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A Former Presidential Candidate And A Mayor Are Considering Running For Chaffetz's Seat

The Utah congressman surprised the political world Wednesday when he announced he wouldn't run for reelection in 2018.

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Just hours after Utah Rep. Jason Chaffetz stunned the political world Wednesday, announcing he would not seek reelection, a former presidential candidate, popular mayor, and state lawmakers were considering a bid for the House seat, BuzzFeed News has learned.

Chaffetz, who has built a powerful national profile as the chairman of the House Oversight Committee, announced Wednesday morning that he would not run for reelection. The announcement came as a surprise to many — Chaffetz won reelection last year in his fifth consecutive landslide — and ignited chatter about who would replace one of the highest profile members of the US House.

Much of the talk Wednesday focused on John Curtis, the popular Republican mayor of Provo, a city of about 115,000 that lies at the heart of Chaffetz's congressional district. In an interview with BuzzFeed News Wednesday, Curtis, 56, did not rule out a run but was adamant that he had not made any decisions yet.

"I will not force it," he said. "If I did run, it would have to be because I came to the conclusion that it was the right thing to do."

Curtis added that Chaffetz's decision not to seek reelection changed the "dynamic" surrounding a potential bid.

"It was a very, very small possibility that has slightly increased," he said, hours after Chaffetz's announcement.

Should Curtis run, one of his most likely potential challengers is Evan McMullin, who garnered significant support in the state last fall as an independent presidential candidate and a leader of the "never Trump" movement. A source close to McMullin told BuzzFeed News Wednesday that he was indeed considering running for the seat, but had not made any decisions yet.

That position echoes one McMullin himself staked out last month in a discussion on Reddit.

"It is possible that I will challenge Chaffetz or Senator [Orrin] Hatch," McMullin wrote, "but there are a lot of factors that go into that decision. One of the primary factors is what the people of Utah want."

McMullin would bring a national profile to the race, as well as experience with large scale fundraising. Still, he could face a tough battle against someone with strong local ties like Curtis.

"Utah really likes politicians that they produce," Sherrie Hall Everett told BuzzFeed News. "Who are really familiar with Utah issues, community issues."

Hall Everett, a former Provo councilwoman running to replace Curtis, spoke highly of the mayor's record and said that he's "built trust for a really long time."

"When you find somebody like a John Curtis you don’t want to let them go because they did a good job," Hall Everett said.

Curtis is also the subject of a campaign to draft him into the race, which as of Wednesday had raised more than $11,000. The campaign was started by Owen Fuller, a friend of Curtis' who runs a company in Utah's burgeoning tech corridor, often dubbed the "Silicon Slopes." Fuller said that Curtis was seriously considering a run.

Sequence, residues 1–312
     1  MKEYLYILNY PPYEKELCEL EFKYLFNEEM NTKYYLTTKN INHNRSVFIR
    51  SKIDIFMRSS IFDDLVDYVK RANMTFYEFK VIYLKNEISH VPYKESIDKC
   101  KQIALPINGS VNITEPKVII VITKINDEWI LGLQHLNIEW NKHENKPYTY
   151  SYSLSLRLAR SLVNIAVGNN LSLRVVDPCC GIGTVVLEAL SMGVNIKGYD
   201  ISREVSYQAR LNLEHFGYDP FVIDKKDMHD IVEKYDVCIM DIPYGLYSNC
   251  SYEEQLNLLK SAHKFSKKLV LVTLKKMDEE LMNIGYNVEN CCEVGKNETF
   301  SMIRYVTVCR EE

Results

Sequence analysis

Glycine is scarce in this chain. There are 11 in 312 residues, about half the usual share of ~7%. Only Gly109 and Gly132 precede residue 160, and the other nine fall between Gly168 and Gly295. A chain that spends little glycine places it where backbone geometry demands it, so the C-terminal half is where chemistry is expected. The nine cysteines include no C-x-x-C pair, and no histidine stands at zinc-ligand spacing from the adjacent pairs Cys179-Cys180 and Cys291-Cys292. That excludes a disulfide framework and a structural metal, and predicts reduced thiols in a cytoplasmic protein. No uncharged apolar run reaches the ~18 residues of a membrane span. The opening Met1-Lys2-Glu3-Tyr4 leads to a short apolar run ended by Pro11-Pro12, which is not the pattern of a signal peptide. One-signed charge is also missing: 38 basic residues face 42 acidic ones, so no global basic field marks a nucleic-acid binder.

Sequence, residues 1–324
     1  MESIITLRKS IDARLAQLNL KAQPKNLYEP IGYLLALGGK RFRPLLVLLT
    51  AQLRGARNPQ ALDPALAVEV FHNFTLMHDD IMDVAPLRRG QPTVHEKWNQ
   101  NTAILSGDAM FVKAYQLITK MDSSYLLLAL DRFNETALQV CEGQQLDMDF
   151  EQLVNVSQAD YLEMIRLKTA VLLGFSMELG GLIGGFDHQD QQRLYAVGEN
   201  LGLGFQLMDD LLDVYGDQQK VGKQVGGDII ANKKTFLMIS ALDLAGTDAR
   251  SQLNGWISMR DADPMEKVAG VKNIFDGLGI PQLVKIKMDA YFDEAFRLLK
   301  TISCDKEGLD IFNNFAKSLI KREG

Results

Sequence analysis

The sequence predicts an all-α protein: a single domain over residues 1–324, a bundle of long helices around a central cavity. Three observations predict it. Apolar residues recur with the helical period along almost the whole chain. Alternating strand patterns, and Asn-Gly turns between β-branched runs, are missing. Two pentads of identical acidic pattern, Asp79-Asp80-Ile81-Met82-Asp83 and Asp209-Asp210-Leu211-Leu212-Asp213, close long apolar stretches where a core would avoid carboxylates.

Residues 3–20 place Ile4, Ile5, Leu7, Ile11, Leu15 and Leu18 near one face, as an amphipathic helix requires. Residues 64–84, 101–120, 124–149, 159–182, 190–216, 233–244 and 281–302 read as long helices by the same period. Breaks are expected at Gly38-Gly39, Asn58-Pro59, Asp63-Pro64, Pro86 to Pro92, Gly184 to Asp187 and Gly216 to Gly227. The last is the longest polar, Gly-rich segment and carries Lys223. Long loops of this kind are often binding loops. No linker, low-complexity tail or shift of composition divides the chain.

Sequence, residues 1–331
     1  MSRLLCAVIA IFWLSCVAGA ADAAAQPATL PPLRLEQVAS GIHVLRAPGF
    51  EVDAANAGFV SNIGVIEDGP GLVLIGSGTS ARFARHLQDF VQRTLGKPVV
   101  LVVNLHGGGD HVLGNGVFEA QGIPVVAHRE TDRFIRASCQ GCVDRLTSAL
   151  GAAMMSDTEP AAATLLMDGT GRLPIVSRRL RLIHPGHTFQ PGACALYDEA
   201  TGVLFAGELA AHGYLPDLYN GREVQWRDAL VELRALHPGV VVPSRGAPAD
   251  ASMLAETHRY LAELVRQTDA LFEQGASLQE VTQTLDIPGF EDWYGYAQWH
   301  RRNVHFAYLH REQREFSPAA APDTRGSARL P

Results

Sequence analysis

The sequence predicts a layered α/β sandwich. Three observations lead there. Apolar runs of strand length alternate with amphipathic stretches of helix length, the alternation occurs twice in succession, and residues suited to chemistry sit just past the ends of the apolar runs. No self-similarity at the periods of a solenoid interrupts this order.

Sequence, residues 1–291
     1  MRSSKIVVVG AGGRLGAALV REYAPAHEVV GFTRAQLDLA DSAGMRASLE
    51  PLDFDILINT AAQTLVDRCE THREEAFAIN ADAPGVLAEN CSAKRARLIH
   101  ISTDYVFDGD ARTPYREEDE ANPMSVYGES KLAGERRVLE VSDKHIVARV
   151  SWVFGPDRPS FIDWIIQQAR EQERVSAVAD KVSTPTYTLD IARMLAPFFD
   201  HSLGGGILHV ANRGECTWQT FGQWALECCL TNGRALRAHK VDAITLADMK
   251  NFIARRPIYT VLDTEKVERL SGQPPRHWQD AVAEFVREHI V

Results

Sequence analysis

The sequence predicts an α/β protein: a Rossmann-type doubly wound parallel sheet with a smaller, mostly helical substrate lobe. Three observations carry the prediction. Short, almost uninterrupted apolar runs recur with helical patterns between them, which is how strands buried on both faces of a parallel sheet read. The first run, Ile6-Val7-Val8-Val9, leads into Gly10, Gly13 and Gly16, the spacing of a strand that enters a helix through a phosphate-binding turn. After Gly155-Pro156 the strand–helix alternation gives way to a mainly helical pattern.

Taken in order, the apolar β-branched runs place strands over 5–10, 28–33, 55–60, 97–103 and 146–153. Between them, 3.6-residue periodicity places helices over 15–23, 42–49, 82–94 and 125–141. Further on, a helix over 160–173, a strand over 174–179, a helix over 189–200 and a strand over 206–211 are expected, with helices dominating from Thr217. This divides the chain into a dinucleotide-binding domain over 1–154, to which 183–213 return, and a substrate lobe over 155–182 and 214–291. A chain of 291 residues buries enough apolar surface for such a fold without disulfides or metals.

"I think we’ve reached him," Fuller said. "I know that he’s listening."

Democrat Kathryn Allen, who announced plans to run last month, has received a similar outpouring of support, raising a half million dollars to challenge Chaffetz before he announced he wouldn't seek reelection.

It's difficult, however, to imagine any scenario in which a Democrat could win in Utah's 3rd District, no matter how much money they might spend. The district has been controlled by Republicans for the last 20 years — Chaffetz's last five Democratic challengers were all non-starters — and Provo has been described in the past as the most conservative city in the country.

That means the race will likely come down to whichever Republicans throw their hats into the ring. Though no one is committing yet, it could end up being a crowded field. Hall Everett, for example, pointed to a number of state lawmakers who could make a bid for the seat, saying "I think probably the next place to look is probably the legislature."

Curt Bramble is one of those lawmakers. Bramble, a high profile Republican state senator, told BuzzFeed News that he has been receiving calls from supporters encouraging him to run. But like Curtis and McMullin, Bramble is yet to make a decision.

"To say I'm running, that’s not at all accurate, and to say I’d rule it out is is also not accurate," he said.

Deidre Henderson, another Utah state senator, is also considering a run. Henderson told BuzzFeed News supporters have encouraged her to launch a congressional bid, and she was "really overwhelmed today by the outpouring of support" following Chaffetz's announcement.

"I am seriously considering it," she said of a potential run.

The race may shape up to be a crowded fight, though among local Republicans, Curtis, with a crowdfunding campaign already raising money, appears to have a head start. He told BuzzFeed News that there were a number of things that give him pause about running, including the need to brush up on national issues, the demands of campaigning and fundraising, and the impact it would have on his family.

Significantly, however, Curtis said his family would support him running.

"They have unbounded confidence in me," he said. "They would be highly supportive."


Jim Dalrymple is a reporter for BuzzFeed News and is based in Los Angeles.

Contact Jim Dalrymple II at jim.dalrymple@buzzfeed.com.

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